Executive Governance: Presidential Administrations and Policy Change in the Federal Bureaucracy

By Cornell G. Hooton | Go to book overview

4
Programmatic Context

1. Job Interpretation and Culture

Another trend that arose was the portrayal of job roles organized around thematic interpretations. The thematic interpretations identified the tasks for an office and how to approach them within the larger set of programs and statutory obligations for the bureau. Within UMTA respondents presented concerns for "doing the job," the interpretations of which reflected explicit job assignments or perceptions of their part of the programmatic trust. For example, respondents made numerous comments on the obligation of the planning offices to develop applications for mass transit grants, emphasizing that the planning offices were obligated to develop project applications so that they received grants. One careerist described a prevailing emphasis on getting money to local transit managers rather than on ensuring that a thorough analysis of the application had been made:

I don't know that any of the new starts [of transit projects] through the mid-'70s actually had alternatives analysis done before they received commitments. It was done for some afterwards. It was really old-fashioned grantsmanship. You made a phone call. You lobbied. Not alternatives analysis. It was the best of grant-making. You got the money to the transit manager.... (Iw T-17)

The emphasis on the production of grants was consonant with legal and administrative pressures to move the workload and with regular inquiries in congressional committee hearings. In the annual budget hearings before the House Appropriations subcommittee on transportation, for example, committee members typically probed the status of major project applications, pressed UMTA representatives to move them along, inquired about the bureau's analysis capabilities, and expressed concerns about the rate at which smaller grants flowed. Committee members, including the chair, also regularly requested that UMTA submit a list of all pending applications and of the geographic

-66-

Notes for this page

Add a new note
If you are trying to select text to create highlights or citations, remember that you must now click or tap on the first word, and then click or tap on the last word.
One moment ...
Default project is now your active project.
Project items

Items saved from this book

This book has been saved
Highlights (0)
Some of your highlights are legacy items.

Highlights saved before July 30, 2012 will not be displayed on their respective source pages.

You can easily re-create the highlights by opening the book page or article, selecting the text, and clicking “Highlight.”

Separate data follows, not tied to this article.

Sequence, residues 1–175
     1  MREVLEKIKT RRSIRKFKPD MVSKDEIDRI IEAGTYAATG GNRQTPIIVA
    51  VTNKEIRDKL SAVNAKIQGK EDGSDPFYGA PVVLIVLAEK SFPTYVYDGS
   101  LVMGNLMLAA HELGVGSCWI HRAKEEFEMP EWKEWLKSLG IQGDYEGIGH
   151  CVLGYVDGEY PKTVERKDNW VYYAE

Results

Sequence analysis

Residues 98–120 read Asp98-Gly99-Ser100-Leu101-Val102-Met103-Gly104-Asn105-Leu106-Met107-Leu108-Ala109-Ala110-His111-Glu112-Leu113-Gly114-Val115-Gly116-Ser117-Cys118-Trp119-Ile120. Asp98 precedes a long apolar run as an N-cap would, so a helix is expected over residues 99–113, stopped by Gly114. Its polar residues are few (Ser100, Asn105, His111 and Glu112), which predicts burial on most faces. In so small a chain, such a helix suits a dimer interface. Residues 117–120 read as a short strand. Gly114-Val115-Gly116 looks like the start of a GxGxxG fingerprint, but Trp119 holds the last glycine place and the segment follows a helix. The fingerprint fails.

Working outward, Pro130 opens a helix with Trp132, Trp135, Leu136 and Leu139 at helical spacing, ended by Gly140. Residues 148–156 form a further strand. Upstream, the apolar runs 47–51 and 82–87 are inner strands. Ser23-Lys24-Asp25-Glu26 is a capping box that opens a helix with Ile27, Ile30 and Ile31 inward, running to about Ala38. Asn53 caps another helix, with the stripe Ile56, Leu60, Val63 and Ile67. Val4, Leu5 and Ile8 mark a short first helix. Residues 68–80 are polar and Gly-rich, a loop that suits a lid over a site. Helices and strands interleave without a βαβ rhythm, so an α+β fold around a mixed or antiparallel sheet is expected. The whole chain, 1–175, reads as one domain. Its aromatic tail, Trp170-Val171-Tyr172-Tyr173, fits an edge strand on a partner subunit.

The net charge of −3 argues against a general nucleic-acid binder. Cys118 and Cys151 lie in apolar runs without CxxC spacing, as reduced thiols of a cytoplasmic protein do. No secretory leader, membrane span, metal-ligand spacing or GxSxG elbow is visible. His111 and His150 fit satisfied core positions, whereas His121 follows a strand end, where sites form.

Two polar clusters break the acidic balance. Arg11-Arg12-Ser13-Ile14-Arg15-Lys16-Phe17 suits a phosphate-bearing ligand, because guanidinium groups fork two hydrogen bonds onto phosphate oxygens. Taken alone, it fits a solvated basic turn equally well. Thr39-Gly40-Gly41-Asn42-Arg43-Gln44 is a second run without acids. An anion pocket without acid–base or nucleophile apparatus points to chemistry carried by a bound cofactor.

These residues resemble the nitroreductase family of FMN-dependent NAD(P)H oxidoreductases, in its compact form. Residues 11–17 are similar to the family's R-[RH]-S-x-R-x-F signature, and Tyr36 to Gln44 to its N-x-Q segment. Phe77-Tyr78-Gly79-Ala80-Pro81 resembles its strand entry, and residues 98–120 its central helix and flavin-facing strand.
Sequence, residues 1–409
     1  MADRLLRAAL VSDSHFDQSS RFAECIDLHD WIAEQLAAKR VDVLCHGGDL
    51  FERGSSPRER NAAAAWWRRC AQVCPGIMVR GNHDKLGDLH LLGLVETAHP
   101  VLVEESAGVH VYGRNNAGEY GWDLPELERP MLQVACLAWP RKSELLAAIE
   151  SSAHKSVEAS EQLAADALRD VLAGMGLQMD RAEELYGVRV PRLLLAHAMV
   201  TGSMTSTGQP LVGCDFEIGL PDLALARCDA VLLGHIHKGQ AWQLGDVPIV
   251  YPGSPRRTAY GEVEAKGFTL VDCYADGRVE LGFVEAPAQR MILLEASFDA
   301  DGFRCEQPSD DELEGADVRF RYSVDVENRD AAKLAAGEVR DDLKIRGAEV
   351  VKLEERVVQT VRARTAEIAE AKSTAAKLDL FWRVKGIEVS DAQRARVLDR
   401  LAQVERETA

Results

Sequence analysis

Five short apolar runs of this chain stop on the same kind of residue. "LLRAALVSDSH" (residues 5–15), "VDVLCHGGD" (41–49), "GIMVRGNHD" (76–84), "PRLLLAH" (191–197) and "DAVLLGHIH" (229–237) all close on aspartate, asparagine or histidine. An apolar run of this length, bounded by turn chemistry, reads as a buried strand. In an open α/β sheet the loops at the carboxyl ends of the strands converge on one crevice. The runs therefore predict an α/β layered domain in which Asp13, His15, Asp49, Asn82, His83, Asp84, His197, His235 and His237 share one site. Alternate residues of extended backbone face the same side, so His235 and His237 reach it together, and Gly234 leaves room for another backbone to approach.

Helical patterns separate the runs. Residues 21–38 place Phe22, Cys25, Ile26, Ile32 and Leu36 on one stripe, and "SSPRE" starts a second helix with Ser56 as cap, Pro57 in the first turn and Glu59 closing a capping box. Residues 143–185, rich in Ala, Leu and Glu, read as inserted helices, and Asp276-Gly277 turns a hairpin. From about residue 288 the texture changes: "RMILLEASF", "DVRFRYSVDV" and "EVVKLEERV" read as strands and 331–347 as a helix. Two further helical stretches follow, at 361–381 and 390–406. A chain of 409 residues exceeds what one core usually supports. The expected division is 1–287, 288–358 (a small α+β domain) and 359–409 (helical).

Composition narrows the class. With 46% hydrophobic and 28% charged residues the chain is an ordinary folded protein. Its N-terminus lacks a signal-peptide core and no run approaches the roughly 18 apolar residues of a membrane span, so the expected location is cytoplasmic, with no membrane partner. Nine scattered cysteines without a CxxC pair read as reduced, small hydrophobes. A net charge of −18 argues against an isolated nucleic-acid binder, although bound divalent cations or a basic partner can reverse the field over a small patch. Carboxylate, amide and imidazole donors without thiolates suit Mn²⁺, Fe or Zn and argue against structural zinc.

Citations (0)
Some of your citations are legacy items.

Any citation created before July 30, 2012 will labeled as a “Cited page.” New citations will be saved as cited passages, pages or articles.

We also added the ability to view new citations from your projects or the book or article where you created them.

Notes (0)
Bookmarks (0)

You have no saved items from this book

Project items include:
  • Saved book/article
  • Highlights
  • Quotes/citations
  • Notes
  • Bookmarks
Notes
Cite this page

Cited page

Style
Citations are available only to our active members.
Buy instant access to cite pages or passages in MLA, APA and Chicago citation styles.

(Einhorn, 1992, p. 25)

(Einhorn 25)

1. Lois J. Einhorn, Abraham Lincoln, the Orator: Penetrating the Lincoln Legend (Westport, CT: Greenwood Press, 1992), 25, http://www.questia.com/read/27419298.

Cited page

Bookmark this page
Executive Governance: Presidential Administrations and Policy Change in the Federal Bureaucracy
Table of contents

Table of contents

Settings

Settings

Typeface
Text size Smaller Larger Reset View mode
Search within

Search within this book

Look up

Look up a word

  • Dictionary
  • Thesaurus
Please submit a word or phrase above.
Print this page

Print this page

Why can't I print more than one page at a time?

Help
Full screen
/ 254

matching results for page

    Questia reader help

    How to highlight and cite specific passages

    1. Click or tap the first word you want to select.
    2. Click or tap the last word you want to select, and you’ll see everything in between get selected.
    3. You’ll then get a menu of options like creating a highlight or a citation from that passage of text.

    OK, got it!

    Cited passage

    Style
    Citations are available only to our active members.
    Buy instant access to cite pages or passages in MLA, APA and Chicago citation styles.

    "Portraying himself as an honest, ordinary person helped Lincoln identify with his audiences." (Einhorn, 1992, p. 25).

    "Portraying himself as an honest, ordinary person helped Lincoln identify with his audiences." (Einhorn 25)

    "Portraying himself as an honest, ordinary person helped Lincoln identify with his audiences."1

    1. Lois J. Einhorn, Abraham Lincoln, the Orator: Penetrating the Lincoln Legend (Westport, CT: Greenwood Press, 1992), 25, http://www.questia.com/read/27419298.

    Cited passage

    Thanks for trying Questia!

    Please continue trying out our research tools, but please note, full functionality is available only to our active members.

    Your work will be lost once you leave this Web page.

    Buy instant access to save your work.

    Already a member? Log in now.

    Oops!

    An unknown error has occurred. Please click the button below to reload the page. If the problem persists, please try again in a little while.